On January 29, the Speaker of the Iraqi parliament, Mohamed Halboussi, stated that Iraq does not want to be a battlefield for conflicts, but seeks to become a “meeting point for all.” This statement came following Halboussi’s meeting in London with British officials. Halboussi called on Britain to support Iraq through providing funds for reconstruction. He also asked Britain to support Iraq in the return of displaced people, as well as intelligence support and training of Iraqi forces.

On January 30, President Barham Salih spoke about the importance of uniting divisions among political forces in Iraq. The president held a meeting with the Head of State of Law Coalition, Mr. Nouri al-Maliki in Baghdad. They discussed how a joint effort by the government to enhance stability in Iraq is needed. They also spoke about political and security developments.

On January 30, King of Spain, Felipe VI visited Iraq to inspect Spanish forces based there and discuss reconstruction with Iraqi officials. Spain currently has 551 military members deployed in Iraq and the King stated that their main task is to train Iraqi soldiers to defeat the Islamic State in Iraq and Syria (ISIS). Iraqi President, Barham Salih hosted the Spanish delegation at the presidential complex, where they discussed post-ISIS reconstruction and the Spanish government’s role in the campaign against ISIS.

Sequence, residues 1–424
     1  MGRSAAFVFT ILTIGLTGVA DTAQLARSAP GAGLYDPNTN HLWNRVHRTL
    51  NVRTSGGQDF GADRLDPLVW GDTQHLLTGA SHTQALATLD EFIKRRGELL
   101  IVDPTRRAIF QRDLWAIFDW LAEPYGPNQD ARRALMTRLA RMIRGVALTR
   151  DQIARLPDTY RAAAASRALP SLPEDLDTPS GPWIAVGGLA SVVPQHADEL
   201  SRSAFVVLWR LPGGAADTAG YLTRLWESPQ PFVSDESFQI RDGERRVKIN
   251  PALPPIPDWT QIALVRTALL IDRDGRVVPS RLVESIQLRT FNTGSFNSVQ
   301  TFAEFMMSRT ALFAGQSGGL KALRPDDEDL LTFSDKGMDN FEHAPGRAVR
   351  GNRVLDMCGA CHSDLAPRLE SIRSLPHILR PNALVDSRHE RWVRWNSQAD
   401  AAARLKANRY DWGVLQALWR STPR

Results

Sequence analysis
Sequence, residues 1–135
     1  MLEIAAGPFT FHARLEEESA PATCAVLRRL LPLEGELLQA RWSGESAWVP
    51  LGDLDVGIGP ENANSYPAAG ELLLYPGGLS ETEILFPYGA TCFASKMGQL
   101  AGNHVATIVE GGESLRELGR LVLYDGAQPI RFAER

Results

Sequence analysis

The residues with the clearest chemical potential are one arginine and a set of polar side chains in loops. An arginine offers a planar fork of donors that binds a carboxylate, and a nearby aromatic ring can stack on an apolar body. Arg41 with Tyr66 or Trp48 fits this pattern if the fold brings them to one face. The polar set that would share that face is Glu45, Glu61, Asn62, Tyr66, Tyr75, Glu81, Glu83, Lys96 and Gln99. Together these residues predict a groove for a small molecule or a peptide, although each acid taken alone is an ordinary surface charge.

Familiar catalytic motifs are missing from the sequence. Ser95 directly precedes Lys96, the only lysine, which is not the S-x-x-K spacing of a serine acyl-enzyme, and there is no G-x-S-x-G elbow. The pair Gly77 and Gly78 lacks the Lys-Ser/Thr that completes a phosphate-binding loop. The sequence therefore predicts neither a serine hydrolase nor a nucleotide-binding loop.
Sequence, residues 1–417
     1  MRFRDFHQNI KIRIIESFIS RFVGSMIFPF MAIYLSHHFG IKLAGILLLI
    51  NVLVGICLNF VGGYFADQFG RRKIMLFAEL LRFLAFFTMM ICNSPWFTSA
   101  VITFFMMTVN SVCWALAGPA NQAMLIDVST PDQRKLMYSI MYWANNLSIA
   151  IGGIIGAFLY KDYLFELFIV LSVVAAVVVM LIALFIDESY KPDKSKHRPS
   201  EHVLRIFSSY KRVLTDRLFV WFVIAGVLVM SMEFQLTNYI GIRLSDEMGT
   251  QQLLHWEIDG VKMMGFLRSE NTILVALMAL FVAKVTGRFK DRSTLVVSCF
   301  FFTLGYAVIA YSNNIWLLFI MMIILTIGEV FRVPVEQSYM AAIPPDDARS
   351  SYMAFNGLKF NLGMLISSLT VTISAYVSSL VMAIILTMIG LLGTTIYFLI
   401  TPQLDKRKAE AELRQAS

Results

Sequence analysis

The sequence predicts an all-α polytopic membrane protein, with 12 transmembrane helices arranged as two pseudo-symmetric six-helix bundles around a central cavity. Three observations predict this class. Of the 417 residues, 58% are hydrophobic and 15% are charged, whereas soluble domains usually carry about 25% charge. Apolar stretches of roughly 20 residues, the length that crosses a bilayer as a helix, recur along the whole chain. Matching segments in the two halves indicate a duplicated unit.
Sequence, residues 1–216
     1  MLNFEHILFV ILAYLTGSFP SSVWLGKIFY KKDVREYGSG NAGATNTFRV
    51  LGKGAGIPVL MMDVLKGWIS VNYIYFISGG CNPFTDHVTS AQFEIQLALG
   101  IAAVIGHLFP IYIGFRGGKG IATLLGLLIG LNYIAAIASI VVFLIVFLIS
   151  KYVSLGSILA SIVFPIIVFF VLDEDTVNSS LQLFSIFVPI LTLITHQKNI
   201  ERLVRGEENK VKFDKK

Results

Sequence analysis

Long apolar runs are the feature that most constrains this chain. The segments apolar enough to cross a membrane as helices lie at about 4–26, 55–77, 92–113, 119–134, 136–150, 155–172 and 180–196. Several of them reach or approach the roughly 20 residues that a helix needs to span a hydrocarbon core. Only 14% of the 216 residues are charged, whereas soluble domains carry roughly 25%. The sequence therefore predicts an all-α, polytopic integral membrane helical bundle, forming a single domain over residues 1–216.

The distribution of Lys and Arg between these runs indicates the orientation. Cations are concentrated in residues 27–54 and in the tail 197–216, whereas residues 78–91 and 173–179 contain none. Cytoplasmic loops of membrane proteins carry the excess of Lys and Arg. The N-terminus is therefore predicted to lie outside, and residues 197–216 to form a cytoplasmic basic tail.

On January 31, Foreign Minister Mohammad Ali al-Hakim stated that Iraq’s relations with Russia, Iran, and the United States are not in conflict with each other, but in fact are a source of strength for Iraq. Hakim met the head of the Foreign Relations Committee in the Russian Senate, Konstantin Kosachev in Moscow to discuss an increase in economic cooperation between Baghdad and Moscow.

On January 31, Iraq’s National Security Advisor Falih al-Fayadh traveled to Riyadh, Saudi Arabia, to meet with security officials in the Kingdom. Iraqi media reported that the Iraqi and Saudi delegations will discuss improved bilateral security cooperation, particularly along the Iraq-Saudi border, as well as the Iran-aligned elements with Iraq’s Popular Mobilization Units (PMU). Since late 2017, Iraqi politicians have sought to warm relations with their neighbors in Saudi Arabia through a series of high-level ministerial visits between officials from the two countries. However, few tangible agreements or projects have proved forthcoming from this rapprochement.